Lessons from the 1st Quarter

Well the 1st quarter is over and had a few observations about life of an assistant professor.

  1. Remember to check that you don’t need to turn in grades! I thought I could safely ignore emails about sending in grades, since I wasn’t teaching this quarter, but meant I forgot to turn in grades for grad students working in the lab. Whoops! Lesson learned.
  2. Spending money isn’t that hard, but researching how to spend it on equipment is time consuming.  The optimization of trying to find the best deal, planning for current and future experiments, and establishing new technologies took more time than I expected.  Planning how to best spend money longer term is also taking some time, I don’t know if there is any good formula to rely on because it depends on what future grant support is awarded. But I think that I am getting better at making the equipment decisions – but I am my own sysadmin for macs in the lab and also the new separate (from the shared bioinformatics cluster) linux machines I have for our web and specialized compute needs and find that very time consuming.
  3. Travel is good, but takes up time that can be spent writing, instructing, and my own research. While I can do much of my research from my laptop and an internet connect, I am distracted when away from lab and doing a disservice to the meeting I am attending if I am always working while on the road.  Better to divide my time better and focus on the meeting at hand. Course this means I should always have the talks finished before I get to the meeting and that has been difficult to guarantee.
  4. People are important. I can’t do all the research myself. Getting students and postdocs into the lab who can be trained on techniques and the background of the research questions is the most important thing to get the lab moving forward.  I am excited about the teaching and learning process but it is a process that needs a vision and schedule that I establish.  I’m still fine tuning that schedule and the approaches while keeping us aimed toward a vision of the kind of research we will do in the next 3-5 years.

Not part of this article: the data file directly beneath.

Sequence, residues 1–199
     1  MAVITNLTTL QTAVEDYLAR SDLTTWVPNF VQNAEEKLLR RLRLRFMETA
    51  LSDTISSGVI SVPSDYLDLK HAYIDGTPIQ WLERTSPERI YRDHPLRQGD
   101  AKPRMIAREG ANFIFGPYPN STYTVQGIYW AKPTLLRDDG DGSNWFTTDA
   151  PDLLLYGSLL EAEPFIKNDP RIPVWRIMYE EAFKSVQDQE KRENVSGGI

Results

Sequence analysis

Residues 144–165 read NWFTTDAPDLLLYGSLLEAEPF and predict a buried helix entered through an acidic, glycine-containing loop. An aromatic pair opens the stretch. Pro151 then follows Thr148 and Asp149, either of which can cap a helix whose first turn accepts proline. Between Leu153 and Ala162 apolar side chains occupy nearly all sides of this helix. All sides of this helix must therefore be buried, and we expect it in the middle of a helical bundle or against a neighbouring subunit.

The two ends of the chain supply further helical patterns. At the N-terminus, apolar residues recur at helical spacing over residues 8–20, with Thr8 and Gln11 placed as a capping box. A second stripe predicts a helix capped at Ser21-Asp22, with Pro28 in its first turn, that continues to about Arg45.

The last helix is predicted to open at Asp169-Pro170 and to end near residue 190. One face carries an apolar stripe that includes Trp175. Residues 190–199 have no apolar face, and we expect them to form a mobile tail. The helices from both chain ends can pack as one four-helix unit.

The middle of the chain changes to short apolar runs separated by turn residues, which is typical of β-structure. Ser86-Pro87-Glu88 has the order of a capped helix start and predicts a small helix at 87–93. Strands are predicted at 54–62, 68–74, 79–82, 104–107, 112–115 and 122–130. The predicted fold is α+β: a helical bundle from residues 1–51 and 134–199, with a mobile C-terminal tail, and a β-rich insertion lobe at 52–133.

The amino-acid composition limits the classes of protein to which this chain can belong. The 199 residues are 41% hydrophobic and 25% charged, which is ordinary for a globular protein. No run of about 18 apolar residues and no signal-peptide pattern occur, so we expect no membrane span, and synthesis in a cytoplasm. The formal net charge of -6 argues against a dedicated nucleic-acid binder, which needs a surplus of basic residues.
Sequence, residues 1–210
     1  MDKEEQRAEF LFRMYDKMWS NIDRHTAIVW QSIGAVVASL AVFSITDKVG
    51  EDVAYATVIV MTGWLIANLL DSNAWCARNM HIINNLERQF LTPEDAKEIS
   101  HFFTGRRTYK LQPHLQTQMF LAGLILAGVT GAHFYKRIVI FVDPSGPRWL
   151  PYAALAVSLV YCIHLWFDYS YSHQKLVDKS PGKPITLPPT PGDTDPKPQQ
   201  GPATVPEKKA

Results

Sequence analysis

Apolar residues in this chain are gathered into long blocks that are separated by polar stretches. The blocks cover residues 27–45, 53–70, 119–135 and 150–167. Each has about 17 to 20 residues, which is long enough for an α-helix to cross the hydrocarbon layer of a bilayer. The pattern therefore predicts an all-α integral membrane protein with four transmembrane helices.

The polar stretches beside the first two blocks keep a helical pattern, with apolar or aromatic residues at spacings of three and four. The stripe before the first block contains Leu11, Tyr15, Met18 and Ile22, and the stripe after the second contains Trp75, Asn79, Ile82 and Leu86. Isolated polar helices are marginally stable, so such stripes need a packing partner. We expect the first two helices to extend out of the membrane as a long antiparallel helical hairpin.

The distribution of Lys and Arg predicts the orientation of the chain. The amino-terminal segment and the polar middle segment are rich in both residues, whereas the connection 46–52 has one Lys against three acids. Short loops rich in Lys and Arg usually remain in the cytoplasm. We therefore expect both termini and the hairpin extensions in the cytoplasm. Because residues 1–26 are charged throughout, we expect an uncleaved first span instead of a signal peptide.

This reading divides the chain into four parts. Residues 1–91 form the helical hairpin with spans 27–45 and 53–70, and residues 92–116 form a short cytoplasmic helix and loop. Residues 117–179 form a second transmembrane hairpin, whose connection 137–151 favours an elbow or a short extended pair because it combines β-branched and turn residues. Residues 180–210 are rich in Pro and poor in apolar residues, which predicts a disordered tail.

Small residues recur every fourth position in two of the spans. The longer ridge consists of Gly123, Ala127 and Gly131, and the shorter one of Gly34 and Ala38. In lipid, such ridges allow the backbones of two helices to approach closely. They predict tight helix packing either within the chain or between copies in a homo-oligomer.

5. Time flies – take stock of how you spent it! Stopping and reflecting on what was accomplished is good to remind me and remind trainees that we have done things even if it feels like there is a mountain of work ahead.  As the gets better at this I’ll probably be able to give better feedback about dead-ends and keeping people on track earlier in the game.  We are still getting our timing together to have regular lab meetings and journal clubs that I expect to be the heart of the learning that happens in the lab at this point. I’m teaching programming, bioinformatics, phylogenetics & molecular evolution, and mycology at the outset and so am working to make these subjects more approachable with the right kind of background reading materials.  Probably will have to turn this into a review or primer someday as I feel like this synthesis of different fields is not something I can point anyone to just one or two resources for.

I’m still getting aquatinted with who to ask for help and where to go for advice, but I’ve been lucky to have generous junior and senior colleagues who have provided encouragement and advice.  Here’s to hoping next quarter I learn a little more about how to do things, focus on the grant writing, and make some tangible progress on the research projects that need some new data before this summer. A lot of papers are queued up from collaborative work that were submitted this month and I hope that means more focus on the two main project foci of the lab.  New folks will be joining us next quarter and I’m excited about the progress we have made and will be able to make as everyone comes up to speed.

Happy New Year!